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How do I send JSON to a Server in Angular 2+?

I have a lot more trouble answering Angular questions on StackOverflow than I did answering Flex questions. The bulk of Angular problems seem to come from integrating different systems and libraries together. But, every once in a while I see a question that I seem to be the perfect person to answer. This question is about Sending JSON from Angular to PHP. I wrote a book about that.

When sending JSON to PHP--or Java or ColdFusion or any server side tech--you need to be sure to set the headers to application/json.

If you are using Angular 2, this is how you do it:

let optionHeaders : Headers = new Headers();
optionHeaders.append('Content-Type', 'application/json');
let options: RequestOptions = new RequestOptions({headers:optionHeaders});, JSONPayload,options);

We create an instance of a RequestOptions object, and add the Headers onto it. The RequestOptions object is sent as part of your server request, in this case using a post() method. This is all part of the now deprecated Http library.

Angular 5 introduced the new HttpClient library, which does things a bit differently:

let options : Object;
let optionHeaders : HttpHeaders = new HttpHeaders().set('Content-Type', 'application/json');
options = {headers:optionHeaders};, JSONPayload,options);

You create a generic options object, and add an HttpHeaders() instance inside of it. Send that as the options argument to the http method, also a post().

Debug an Angular Application with a Chrome Plugin

I just discovered Augary, a Chrome Plugin for debugging angular applications. I can't believe I never came across this before.

Install Augary and then an Augary tab will appear as part of the Chrome Debugger tools. Here it is for the Learn With application:

Instead of trying to unravel the application through compiled source files and some guesses, Augaray models out the application for you and allows you drill into services, components, and routes to give you a deeper understanding of what is going on in your Angular application.

I've been playing around with it and it is pretty awesome.

How to specify the CSS extension when generating a Component with Angular CLI 6?

I created a brand new Angular CLI 6 project:

ng new foo --style=scss

I wrote about this in another blog post.

Now generate a component:

ng generate component myComp/display

As expected, the new component is generated using SCSS:

That's good. But, what if you want to use something other than the project settings, like creating a normal CSS file as part of your new component or using the styleext command line argument:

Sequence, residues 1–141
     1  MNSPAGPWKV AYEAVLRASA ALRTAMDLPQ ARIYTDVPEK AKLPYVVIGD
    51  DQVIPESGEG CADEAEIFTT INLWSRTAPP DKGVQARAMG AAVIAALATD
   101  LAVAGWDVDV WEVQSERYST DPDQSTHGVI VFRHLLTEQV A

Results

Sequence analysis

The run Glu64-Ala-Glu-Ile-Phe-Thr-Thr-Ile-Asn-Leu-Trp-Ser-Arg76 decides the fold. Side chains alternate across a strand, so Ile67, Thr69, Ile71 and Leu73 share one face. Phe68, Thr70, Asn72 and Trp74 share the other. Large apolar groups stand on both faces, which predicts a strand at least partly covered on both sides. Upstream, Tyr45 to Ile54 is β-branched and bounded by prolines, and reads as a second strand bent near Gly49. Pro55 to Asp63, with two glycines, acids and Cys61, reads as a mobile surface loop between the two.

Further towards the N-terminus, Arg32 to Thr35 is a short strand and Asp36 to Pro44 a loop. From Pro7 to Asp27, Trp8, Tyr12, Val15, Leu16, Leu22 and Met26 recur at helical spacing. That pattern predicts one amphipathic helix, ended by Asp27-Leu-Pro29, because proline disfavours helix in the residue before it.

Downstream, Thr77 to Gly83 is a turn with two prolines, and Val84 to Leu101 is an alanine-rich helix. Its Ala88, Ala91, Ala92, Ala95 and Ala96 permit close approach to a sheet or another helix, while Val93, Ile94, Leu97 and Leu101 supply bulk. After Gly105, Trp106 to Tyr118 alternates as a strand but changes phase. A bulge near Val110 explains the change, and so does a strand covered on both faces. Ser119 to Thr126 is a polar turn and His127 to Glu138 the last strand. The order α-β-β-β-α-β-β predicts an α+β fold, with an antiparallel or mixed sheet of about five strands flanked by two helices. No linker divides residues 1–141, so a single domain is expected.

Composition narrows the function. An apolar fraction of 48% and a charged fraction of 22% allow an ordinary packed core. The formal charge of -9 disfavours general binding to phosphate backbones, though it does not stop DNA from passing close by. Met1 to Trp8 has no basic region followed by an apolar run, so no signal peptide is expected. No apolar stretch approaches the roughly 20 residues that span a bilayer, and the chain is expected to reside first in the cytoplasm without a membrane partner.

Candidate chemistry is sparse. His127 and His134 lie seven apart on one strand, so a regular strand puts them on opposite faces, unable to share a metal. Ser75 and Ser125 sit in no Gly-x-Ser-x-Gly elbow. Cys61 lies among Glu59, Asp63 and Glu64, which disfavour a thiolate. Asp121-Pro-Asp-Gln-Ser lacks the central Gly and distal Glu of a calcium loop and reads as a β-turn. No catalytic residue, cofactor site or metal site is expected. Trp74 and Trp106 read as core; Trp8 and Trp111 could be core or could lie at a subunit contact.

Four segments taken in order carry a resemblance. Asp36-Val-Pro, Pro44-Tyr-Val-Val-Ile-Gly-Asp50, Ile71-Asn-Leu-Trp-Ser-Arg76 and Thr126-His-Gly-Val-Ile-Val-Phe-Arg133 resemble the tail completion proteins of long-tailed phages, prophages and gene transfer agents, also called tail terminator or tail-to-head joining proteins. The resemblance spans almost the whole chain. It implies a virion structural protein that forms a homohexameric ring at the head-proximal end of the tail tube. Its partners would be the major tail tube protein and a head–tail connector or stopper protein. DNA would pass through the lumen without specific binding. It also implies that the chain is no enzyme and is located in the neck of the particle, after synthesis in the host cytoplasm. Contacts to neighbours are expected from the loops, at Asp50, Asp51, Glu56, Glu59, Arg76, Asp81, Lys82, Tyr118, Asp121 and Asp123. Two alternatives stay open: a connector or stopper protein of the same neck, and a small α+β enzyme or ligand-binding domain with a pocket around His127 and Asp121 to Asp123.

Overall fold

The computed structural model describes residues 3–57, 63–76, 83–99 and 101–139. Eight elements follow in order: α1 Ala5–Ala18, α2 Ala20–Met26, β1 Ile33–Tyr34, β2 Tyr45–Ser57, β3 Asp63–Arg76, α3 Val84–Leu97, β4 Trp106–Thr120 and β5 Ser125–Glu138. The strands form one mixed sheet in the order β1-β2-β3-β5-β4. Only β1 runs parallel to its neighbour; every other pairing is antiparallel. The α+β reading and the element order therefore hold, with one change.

ng generate component myComp/otherdisplay --styleext=css

Now look at the generated files:

It changed the SCSS files from the first command to CSS Files in the second command. In case you are experimenting with different preprocessors for whatever reason, this has you covered.

How do I modify an existing Angular6 Project to use SASS?

If you haven't done so already, you may want to read last week's post about generating an Angular 6 project to use SASS instead of regular CSS files. There is a ton of documentation out there on how to do this for Angular 5 or before and they direct you to use ng set to modify the Angular config file. None of that works for Angular 6, because the

get/set have been deprecated in favor of the config command.

I had two problems. First, I found the documentation on how to use the config command a bit lacking. Second, you already have to know the properties you want to change before you can use the command.

Create a new project that is set to use SCSS and you'll find something like this:

"projects": {
"myAppSetToUseCSS ": {
"schematics": {
"@schematics/angular:component": {
"styleext": "scss"

This is what we want to create in our SASS-free project. Here is the command to add it to a new project:

ng config projects.myAppNotSetToUseCSS.schematics.@schematics/angular:component.styleext scss

You won't get a command line response, but your angular.json will not be updated.

If you want to CSS files that were already modified, you'll have to change them on your file system--and any code that references them such as a @component metadata. Be sure to open up the angular.json file and change the other defaults:

"projects": {
"myAppNotSetToUseCSS": {
"architect": {
"build": {
"styles": [
"test": {
"options": {
"styles": [

Those are the only two references to the default styles folder for the main project, but be sure to do a file search through your Angular.json file just to make sure.

How to set up an Angular 6 Project to use SASS?

I've been doing some architecture work on a new project, and setting up the project infrastructure using Angular 6 CLI. Without thinking I created a project normally.

ng new foo

You'll see something like this: